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Feingold v. Office of Disciplinary Counsel

December 14, 2009

ALLEN L. FEINGOLD
v.
OFFICE OF DISCIPLINARY COUNSEL, ET AL.



The opinion of the court was delivered by: McLaughlin, J.

MEMORANDUM

This action was brought by a former attorney who was disbarred in 2008 and was recently subject to two orders issued by the Philadelphia County Court of Common Pleas that further enjoined his ability to practice law. The first order barred the plaintiff from his office and prohibited him from filing any documents with the state court without approval from the President Judge. The second order appointed a conservator over the plaintiff's office and the case files stored there and allowed the plaintiff limited supervised access to his office when accompanied by the conservator or a member of the Office of Disciplinary Counsel. The plaintiff asserts that these orders violated his rights under the First, Fourth and Fourteenth Amendments and 42 U.S.C. §§ 1983 and 1985.

The defendants have moved to dismiss the plaintiff's claims on various grounds. The Court grants the defendants' motion on the grounds that it either lacks subject matter jurisdiction under the Rooker-Feldman doctrine or must decline to exercise jurisdiction under the Younger abstention doctrine. The Court's reasoning is dependant on whether a petition for writ of mandamus currently pending before the Commonwealth Court of Pennsylvania constitutes an on-going state proceeding. If the petition for writ of mandamus is not an on-going state proceeding, the Court lacks subject matter jurisdiction under the Rooker-Feldman doctrine. If the petition for writ of mandamus is an on-going state court proceeding, the Court must abstain under the doctrine of Younger abstention.

I. Factual Background

The plaintiff was suspended from the practice of law in Pennsylvania for three years on March 3, 2006. A consecutive two-year suspension was added on August 22, 2006. He was disbarred from the practice of law on August 22, 2008. See Compl., Exhibit A at 1.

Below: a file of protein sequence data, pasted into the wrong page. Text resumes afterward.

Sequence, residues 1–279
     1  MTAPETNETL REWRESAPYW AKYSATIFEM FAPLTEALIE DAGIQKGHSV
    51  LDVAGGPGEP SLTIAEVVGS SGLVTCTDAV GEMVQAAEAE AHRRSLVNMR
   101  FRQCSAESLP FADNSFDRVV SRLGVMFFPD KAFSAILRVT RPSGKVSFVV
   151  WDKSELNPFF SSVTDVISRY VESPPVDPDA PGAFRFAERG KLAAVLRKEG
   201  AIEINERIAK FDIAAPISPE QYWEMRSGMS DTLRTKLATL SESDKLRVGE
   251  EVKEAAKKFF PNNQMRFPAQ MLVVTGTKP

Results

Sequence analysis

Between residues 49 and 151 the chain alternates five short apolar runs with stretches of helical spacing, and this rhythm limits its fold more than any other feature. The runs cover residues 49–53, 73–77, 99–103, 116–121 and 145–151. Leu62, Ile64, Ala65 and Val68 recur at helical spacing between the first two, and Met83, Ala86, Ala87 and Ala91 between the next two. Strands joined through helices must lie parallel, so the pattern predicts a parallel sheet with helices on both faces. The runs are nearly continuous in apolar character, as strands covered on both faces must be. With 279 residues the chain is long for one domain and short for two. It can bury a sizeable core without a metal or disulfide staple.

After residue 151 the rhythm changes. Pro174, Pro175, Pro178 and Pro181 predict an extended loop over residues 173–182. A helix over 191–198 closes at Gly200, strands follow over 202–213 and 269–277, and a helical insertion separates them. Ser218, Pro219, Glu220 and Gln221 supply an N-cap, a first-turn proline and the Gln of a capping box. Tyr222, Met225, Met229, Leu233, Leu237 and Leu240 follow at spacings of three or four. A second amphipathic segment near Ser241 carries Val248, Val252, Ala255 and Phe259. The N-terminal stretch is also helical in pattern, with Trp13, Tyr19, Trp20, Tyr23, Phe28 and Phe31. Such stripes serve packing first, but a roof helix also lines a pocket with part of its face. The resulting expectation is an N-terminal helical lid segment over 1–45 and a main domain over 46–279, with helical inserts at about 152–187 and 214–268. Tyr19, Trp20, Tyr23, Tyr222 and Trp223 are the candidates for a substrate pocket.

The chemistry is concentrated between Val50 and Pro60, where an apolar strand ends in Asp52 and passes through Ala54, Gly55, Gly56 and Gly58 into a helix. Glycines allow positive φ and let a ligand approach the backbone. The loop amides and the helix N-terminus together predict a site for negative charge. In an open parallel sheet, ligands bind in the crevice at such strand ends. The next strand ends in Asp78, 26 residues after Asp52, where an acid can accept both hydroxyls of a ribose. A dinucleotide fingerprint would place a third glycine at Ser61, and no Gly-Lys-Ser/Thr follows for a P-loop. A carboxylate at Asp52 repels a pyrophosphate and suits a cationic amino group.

Alleging that the plaintiff continued to practice law, the defendant Office of Disciplinary Counsel filed a petition with the defendant Philadelphia County Court of Common Pleas on August 1, 2009. That petition asked the state court to take further steps to enjoin the plaintiff from his alleged practice of law. See Compl. at paragraph 14.

President Judge Dembe, also a defendant, presided over that case. The Court of Common Pleas held hearings on August 11, 24 and 27, 2009. See Compl., Exhibit A at 2. The court entered an order on September 3, 2009, that, inter alia, enjoined the plaintiff from engaging in the unlawful practice of law by a formerly admitted attorney. The order prohibited the plaintiff from entering his office or from removing items from his office. It also prohibited the plaintiff from filing any documents with the Philadelphia Prothonotary or the Clerk of Quarter Sessions without receiving the prior approval of the President Judge. See Compl., Exhibit A at 13-14.

In an order dated September 10, 2009, the court appointed Judge Nigro, also a defendant in this case, to act as conservator and to review the files stored in the plaintiff's office. This order also allowed the plaintiff, when accompanied by Judge Nigro or a member of the Office of Disciplinary Counsel, to access his office for the sole purpose of retrieving copies of his utility bills in order to pay them. See Compl., Exhibit B.

The plaintiff avers that he tried to appeal the state court's injunction order on September 25, 2009, but that defendant Joseph Evers, the Philadelphia Prothonotary, and President Judge Dembe refused to accept the appeal. He also claims that President Judge Dembe would not contact or meet with him to explain the denial of his appeal. See Compl. at paragraph 25.

The plaintiff filed his complaint with this Court on September 29, 2009. The plaintiff asserts that the state court's order restricting him from his office violates his Fourth Amendment right against unreasonable seizures. He argues that his Fourth Amendment protection against unreasonable searches was violated by the appointment of a conservator over his office and papers. He also maintains that the order's requirement of approval for the filing of any document with the Prothonotary of the Philadelphia Court of Common Pleas violates his First Amendment rights and his equal protection rights under the Fourteenth Amendment. See Compl. at paragraphs 26-30. Finally, he alleges violations of 42 U.S.C. §§ 1983 and 1985 against all of the defendants and seeks counsel and expert fees under 42 U.S.C. § 1988. See id. at paragraph 31-32.

The plaintiff filed a motion with the Supreme Court of Pennsylvania to allow the filing of a petition for review nunc pro tunc on September 30, 2009. The petition was denied by the Pennsylvania Supreme Court by an order dated November 10, 2009.

The plaintiff also filed a petition for writ of mandamus on October 1, 2009. That petition seeks to have the Commonwealth Court require defendant Evers to accept the plaintiff's filings. See Pl.'s Ans. at 4. As of the date of this memorandum, the docket of the Commonwealth Court reflects that the plaintiff's petition is still pending. See Commonwealth Court of Pennsylvania, Docket No. 512 MD 2009.

II. Analysis

The defendants argue that the Court either lacks jurisdiction over this case under the Rooker-Feldman doctrine or must abstain from exercising jurisdiction under the Younger abstention doctrine, depending upon whether the plaintiff's petition for ...


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